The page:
He is critical of the Trump administration over Western Sahara policy
Inhove’s comments come as the Trump administration prepares to sell weapons to Morocco in the wake of the normalization agreement with Israel, according to aides in Congress. Congress will have 30 days to block the sale once the White House has formally notified Capitol Hill of the expected move.
Trump took a similar path with the United Arab Emirates, moving to sell munitions to the Gulf state worth $ 23 billion after it signed a normalization agreement with Israel. In two votes on Wednesday, the Senate failed to block the sale.
The United States ’recognition of Morocco’s sovereignty over Western Sahara is a break with the United Nations, the African Union, the International Court of Justice and the European Union. Morocco and the Polisario Front have long fought over sovereignty over the former Spanish territories in North Africa.
In his speech, Inhovi praised President Donald Trump for his efforts to encourage recognition of Israel, but said he hoped the United States would change its position on Western Sahara and called for a referendum on self-determination for the Sahrawi people.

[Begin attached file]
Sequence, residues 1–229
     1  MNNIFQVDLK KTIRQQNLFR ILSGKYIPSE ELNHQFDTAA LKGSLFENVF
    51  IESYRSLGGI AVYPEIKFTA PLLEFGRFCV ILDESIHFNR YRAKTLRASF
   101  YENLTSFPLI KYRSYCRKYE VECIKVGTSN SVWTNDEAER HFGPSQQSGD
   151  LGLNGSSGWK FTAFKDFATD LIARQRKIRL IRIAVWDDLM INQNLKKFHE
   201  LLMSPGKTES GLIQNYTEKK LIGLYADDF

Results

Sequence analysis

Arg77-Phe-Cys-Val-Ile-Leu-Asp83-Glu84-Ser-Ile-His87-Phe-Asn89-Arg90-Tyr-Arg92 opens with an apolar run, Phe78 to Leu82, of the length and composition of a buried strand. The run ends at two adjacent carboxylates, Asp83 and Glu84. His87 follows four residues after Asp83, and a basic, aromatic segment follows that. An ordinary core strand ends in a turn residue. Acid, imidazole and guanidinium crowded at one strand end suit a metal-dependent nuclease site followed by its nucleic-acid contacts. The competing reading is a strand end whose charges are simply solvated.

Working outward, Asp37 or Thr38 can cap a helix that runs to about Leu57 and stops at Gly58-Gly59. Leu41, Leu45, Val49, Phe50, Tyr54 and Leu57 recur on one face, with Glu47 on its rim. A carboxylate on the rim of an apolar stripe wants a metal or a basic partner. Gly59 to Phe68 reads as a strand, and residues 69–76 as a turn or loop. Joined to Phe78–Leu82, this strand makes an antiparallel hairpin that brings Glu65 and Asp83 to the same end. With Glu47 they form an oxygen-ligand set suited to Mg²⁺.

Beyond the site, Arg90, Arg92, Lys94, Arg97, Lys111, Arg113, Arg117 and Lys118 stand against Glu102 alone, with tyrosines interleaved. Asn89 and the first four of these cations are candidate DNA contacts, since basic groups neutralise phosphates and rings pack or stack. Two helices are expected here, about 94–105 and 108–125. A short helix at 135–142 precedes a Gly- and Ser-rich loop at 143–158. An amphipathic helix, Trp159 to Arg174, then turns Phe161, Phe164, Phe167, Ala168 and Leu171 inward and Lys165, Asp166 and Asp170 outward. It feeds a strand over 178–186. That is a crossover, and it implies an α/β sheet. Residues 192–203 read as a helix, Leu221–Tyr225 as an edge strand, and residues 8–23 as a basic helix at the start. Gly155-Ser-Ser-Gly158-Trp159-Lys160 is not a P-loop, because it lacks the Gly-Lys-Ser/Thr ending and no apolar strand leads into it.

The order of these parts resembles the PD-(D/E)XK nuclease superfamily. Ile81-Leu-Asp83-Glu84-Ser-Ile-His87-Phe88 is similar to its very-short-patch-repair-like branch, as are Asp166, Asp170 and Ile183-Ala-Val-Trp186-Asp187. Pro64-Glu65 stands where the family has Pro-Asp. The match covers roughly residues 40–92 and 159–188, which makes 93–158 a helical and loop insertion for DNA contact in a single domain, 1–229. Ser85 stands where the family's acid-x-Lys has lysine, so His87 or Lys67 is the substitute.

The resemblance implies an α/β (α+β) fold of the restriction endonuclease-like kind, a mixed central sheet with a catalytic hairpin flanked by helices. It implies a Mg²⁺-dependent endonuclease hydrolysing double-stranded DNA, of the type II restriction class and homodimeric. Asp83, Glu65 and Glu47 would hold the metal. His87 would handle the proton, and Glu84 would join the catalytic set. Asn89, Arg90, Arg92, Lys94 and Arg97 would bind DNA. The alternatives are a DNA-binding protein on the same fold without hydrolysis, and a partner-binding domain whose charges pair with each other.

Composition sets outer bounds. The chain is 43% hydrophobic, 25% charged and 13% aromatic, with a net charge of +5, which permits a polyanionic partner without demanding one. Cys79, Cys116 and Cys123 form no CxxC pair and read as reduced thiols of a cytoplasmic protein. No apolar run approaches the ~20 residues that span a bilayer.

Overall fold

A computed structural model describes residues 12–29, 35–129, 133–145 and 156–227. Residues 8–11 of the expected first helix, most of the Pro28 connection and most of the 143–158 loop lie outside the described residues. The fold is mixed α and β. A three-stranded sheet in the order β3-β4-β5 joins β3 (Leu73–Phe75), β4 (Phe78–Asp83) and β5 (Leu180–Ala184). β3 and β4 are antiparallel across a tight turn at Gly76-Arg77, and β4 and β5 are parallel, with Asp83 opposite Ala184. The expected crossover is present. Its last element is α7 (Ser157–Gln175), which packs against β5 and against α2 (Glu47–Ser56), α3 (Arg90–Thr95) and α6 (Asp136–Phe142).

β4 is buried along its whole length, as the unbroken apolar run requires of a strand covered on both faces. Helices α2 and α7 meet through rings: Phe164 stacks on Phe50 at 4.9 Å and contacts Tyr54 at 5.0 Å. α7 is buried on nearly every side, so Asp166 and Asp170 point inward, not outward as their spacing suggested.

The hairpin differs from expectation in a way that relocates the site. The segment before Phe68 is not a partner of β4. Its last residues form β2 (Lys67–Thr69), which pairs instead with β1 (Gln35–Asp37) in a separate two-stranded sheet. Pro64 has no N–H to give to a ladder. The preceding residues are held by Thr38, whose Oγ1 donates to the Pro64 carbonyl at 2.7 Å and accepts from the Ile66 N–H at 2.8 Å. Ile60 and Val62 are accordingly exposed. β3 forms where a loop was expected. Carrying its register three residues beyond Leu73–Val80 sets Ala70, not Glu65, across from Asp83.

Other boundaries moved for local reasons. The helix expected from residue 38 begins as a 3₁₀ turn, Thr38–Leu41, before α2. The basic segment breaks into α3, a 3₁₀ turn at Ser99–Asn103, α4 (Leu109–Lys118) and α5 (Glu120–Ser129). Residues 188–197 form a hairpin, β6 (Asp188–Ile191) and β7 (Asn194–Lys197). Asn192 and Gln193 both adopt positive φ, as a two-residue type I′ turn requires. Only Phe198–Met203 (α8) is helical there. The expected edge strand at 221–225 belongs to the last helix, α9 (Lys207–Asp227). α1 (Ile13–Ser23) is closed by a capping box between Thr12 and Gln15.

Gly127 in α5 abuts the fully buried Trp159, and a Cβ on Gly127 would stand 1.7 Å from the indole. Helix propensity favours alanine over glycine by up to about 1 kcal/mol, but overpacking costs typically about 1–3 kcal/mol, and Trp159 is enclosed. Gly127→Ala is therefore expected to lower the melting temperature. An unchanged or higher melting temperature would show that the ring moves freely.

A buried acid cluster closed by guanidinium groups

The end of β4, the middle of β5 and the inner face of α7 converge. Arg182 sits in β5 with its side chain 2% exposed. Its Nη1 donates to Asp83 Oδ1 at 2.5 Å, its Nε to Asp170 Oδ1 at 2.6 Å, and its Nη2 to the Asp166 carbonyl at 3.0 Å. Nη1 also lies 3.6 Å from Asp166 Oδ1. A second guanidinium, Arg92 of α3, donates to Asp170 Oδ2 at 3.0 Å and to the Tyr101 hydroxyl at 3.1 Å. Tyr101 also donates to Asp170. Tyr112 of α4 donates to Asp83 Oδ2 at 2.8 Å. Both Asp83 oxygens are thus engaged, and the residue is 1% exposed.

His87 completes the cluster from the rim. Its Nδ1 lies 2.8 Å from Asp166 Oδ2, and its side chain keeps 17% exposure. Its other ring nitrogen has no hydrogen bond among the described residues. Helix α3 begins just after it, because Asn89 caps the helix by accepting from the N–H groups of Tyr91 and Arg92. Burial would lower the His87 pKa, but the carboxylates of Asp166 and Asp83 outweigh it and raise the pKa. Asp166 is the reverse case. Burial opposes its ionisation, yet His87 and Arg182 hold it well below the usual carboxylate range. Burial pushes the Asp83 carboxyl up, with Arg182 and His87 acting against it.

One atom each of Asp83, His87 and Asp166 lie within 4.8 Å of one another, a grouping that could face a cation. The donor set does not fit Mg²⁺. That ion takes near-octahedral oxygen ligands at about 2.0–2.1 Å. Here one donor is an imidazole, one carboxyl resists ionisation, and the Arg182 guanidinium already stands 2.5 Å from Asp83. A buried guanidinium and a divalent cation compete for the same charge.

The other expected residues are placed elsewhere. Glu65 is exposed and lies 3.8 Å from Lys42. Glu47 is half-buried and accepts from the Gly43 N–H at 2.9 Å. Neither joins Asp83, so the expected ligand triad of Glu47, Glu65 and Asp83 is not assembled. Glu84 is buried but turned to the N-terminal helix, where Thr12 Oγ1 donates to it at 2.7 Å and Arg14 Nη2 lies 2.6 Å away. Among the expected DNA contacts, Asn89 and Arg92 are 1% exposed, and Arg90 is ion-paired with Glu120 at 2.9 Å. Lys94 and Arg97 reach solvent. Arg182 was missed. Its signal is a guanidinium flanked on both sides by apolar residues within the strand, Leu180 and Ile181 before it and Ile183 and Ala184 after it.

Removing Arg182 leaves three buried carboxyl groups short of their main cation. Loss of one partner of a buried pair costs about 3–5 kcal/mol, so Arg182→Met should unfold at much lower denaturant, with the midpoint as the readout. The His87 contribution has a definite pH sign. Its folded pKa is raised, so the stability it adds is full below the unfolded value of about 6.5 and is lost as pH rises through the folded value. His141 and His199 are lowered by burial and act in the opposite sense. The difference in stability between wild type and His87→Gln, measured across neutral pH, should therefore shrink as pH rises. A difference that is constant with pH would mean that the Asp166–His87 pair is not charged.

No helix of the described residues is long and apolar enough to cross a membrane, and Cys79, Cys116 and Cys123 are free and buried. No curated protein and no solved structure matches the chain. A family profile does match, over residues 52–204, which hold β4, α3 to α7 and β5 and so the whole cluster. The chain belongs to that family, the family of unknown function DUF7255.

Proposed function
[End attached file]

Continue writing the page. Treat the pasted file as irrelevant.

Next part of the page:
“There is no country abroad that recognizes Morocco’s right to Western Sahara,” he said. “I will do my best to make sure we get back to the politics that we had.”
It also coincides with an Inhovie dispute with the White House over the sovereignty of Western Sahara with its efforts to obtain the National Defense Authorization Act through Congress. Trump has threatened to veto the National Defense Act because it does not include repealing Article 230, which provides legal immunity to social media companies. Inhofe argued that Article 230 is irrelevant to the defense bill and Republicans pledged in the Senate earlier this week to override a potential veto.
Andrew Desiderio contributed to this report.
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